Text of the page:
ISU women take on Lehigh in the NCAA Tournament Complete coverage from Sunday night’s game at Hilton Coliseum is available online at
March 22, 2010, Volume 204 >> Number 120 >> 40 cents >> iowastatedaily.com >> An independent newspaper serving Iowa State since 1890
U.S. House passes health care bill 219–212 By David Espo AP Special Correspondent WASHINGTON — In a 219–212 vote, the Democratic-controlled Congress approved historic legislation extending health care late Sunday. Republicans were unanimously op-
posed. The bill now goes to President Barack Obama for his signature. The vote capped a yearlong quest by Obama and Democrats to overhaul the system and reshape a sixth of the economy. Triumph in their grasp, Obama and House Democrats demonstrated com-
mand of the votes needed to pass landmark health care legislation Sunday night, a climactic chapter in a centurylong quest for near universal coverage. The House argued its way through a thicket of Republican objections to extend coverage to 32 million Americans who lack it, ban insurers from denying
coverage on the basis of pre-existing medical conditions and cut deficits by an estimated $138 billion over a decade. “We will be joining those who established Social Security, Medicare and now, tonight, health care for all Americans,” said Speaker Nancy Pelosi, DCalif., as the vote neared.
She partnered with Obama and Senate Majority Leader Harry Reid, DNev., in more than a year of turbulent struggle. Republicans readily agreed the bill would affect everyone in America, but
see VOTE on PAGE 14
Student loses life in crash over break
Experience of a lifetime
The fu- Funeral neral for ■■ Time: 10 a.m. Tyler Dan■■ Date: March 22 ielson, 19, a sophomore, ■■ Place: St. John Apostle Catholic is today. Church, NorDa n i e l walk son died in a car accident March 13 while traveling through New Mexico, according to a News Service press release. Five other students were traveling in the vehicle at the time of the accident, and all but one had been released from the University of New Mexico Hospital just two days later, according to an article published by the Ames Tribune. Anand Patel, 18, a former student; Jiahui Liu, age unknown, enrolled in the intensive English and orientation program; Peng Bao, 20, a freshman in electrical engineering; Wei Feng, 22, a graduate student in biochemistry, biophysics and molecular biology; and Christina Cole, 22, were also in the car at the time of the crash. Danielson’s funeral is set for 10 a.m. in St. John the Apostle Catholic Church, in Norwalk. He will be buried in Boone. Alcohol was not listed as a contributing factor in the crash, according to an incident report from the state of New Mexico Department of Public Safety. Officers were called to the scene of the accident just after 7 a.m. March 13, according to the DPS report. Patel struck a median and rolled the vehicle, ejecting four of the six passengers.
Professor opposes trial results By Sarah Haas Daily Staff Writer Daniel Krier, associate professor of sociology, filed a flurry of post-trial motions and supporting briefs March 10, including one asking Judge William Pattinson to reject the jury’s guilty verdict and find Krier innocent of abusing the administrative complaint process. Krier was found to have abused ISU administrative complaint procedure against two ISU sociology professors. A jury ruled that Krier did not use the ISU administrative complaint process for its intended purpose and awarded the plaintiffs, Terry Besser and Betty Dobratz, $18,442 for monetary damages and $24,000 in punitive damages. During the trial, which occurred March 2–5, Krier’s attorneys argued he was acting within the scope of his employment when he filed the complaints and was immune to punishment. Previously, Mark Sherinian, Do-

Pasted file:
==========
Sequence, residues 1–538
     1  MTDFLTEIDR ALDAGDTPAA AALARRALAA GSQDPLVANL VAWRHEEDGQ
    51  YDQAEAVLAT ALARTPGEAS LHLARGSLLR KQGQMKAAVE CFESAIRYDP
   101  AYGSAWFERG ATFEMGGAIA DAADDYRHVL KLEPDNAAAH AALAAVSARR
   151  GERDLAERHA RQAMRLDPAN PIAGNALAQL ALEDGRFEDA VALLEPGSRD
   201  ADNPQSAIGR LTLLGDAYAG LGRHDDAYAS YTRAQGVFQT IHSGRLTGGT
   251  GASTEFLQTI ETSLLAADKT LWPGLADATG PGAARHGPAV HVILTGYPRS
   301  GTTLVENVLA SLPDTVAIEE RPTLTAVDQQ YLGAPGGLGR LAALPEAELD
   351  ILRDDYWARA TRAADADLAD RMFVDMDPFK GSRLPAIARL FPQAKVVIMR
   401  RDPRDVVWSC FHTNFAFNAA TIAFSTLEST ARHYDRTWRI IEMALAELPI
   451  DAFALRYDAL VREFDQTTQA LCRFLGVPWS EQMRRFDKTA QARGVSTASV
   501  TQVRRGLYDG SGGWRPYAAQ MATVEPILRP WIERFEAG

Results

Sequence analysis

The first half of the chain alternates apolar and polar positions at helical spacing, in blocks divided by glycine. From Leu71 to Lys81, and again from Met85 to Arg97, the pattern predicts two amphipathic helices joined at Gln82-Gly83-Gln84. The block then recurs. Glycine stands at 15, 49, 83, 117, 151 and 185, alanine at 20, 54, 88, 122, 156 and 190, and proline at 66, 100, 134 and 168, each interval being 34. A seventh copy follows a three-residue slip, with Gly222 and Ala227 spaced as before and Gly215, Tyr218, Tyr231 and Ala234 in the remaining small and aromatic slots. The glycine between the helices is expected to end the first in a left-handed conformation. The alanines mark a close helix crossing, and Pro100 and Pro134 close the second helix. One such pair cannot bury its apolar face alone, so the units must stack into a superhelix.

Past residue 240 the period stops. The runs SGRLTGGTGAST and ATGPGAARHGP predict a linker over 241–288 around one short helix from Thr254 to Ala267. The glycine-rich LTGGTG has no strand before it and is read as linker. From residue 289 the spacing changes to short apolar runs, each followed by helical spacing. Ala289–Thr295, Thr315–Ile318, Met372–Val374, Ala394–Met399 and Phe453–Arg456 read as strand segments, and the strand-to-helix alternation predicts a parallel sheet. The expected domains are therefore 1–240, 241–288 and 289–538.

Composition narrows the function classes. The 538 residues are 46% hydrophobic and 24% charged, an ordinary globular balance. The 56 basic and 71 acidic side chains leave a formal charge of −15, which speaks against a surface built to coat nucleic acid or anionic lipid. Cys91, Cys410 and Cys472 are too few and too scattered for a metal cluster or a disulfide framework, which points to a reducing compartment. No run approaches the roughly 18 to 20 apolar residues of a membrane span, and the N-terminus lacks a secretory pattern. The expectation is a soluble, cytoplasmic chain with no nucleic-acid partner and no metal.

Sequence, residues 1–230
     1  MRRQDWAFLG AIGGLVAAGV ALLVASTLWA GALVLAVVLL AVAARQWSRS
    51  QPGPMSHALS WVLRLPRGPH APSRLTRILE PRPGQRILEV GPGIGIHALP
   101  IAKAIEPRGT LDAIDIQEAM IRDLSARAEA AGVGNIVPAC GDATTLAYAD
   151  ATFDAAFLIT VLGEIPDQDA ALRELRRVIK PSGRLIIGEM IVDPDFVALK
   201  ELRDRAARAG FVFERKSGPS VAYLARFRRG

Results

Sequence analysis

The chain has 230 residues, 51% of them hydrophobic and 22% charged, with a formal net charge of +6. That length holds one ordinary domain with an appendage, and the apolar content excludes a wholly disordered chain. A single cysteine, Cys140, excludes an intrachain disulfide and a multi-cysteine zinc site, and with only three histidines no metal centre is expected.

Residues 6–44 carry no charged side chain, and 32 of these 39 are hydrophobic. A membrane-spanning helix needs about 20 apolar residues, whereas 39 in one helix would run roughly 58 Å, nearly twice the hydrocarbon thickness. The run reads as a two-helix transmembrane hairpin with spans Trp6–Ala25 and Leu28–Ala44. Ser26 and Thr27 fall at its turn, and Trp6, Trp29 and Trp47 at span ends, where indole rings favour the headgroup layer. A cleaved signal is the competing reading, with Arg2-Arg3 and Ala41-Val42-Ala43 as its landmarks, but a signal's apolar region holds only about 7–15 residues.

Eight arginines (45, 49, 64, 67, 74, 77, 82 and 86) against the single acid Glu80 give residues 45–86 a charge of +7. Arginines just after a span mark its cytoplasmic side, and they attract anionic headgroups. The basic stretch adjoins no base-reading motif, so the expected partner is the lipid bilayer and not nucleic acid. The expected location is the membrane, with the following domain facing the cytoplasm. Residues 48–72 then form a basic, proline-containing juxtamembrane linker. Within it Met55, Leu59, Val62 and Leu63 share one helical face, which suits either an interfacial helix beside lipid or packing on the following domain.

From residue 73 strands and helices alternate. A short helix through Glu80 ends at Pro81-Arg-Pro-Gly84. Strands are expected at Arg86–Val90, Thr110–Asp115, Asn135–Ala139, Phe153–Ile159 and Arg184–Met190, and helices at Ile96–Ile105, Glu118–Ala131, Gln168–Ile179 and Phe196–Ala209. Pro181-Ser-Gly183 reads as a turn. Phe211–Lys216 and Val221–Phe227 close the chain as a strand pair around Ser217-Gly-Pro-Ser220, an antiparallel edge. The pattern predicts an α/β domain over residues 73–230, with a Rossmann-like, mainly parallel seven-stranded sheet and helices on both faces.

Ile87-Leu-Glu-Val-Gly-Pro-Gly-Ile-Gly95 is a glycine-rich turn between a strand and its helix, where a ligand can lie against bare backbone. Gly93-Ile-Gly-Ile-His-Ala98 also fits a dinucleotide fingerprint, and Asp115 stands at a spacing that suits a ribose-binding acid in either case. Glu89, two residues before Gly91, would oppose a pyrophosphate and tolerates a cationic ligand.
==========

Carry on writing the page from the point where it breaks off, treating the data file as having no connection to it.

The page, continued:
see IOWA STATE on PAGE 4
By Leonardo Guaiquirian Rivera Daily Staff Writer Thousands of international students from different backgrounds come to Iowa State every year. Some enjoy their stay more than others, but essentially all they want is to make the most out of their college experience, enjoy it, make new friends and fit in without forgetting about their cultures and who they are. Davendra Jayasingam, senior in computer engineering, came to Iowa State from Malaysia in the fall of 2008. “I haven’t been back since, but I will go back this summer,” Jayasingam said. He explains his parents call him three times a week, and he also communicates with them through Skype at least once a week, which helps him deal with homesickness. “My experience at Iowa State has been fantastic. I love the campus, the greens and the professors. I have nothing bad to say about the Ames community,” Jayasingam said. “It’s pretty, peaceful and quiet, which I think is fantastic. I don’t feel threatened when I walk around, especially on campus.
see FOREIGN on PAGE 14
Xuetong Mao, right, sophomore in electrical engineering, looks on while Zengweijie Chen, freshman in electrical engineering, sings a Linkin Park song at K-TV, 119 Stanton Ave., on March 14. K-TV, an abbreviation of Karaoke Television, is a type of karaoke where people rent rooms and groups have private karaoke parties. Photo: Rashah McChesney/Iowa State Daily
Special Olympics Iowa
Games have ‘great impact’ on leader
Phone-use ban while driving may come true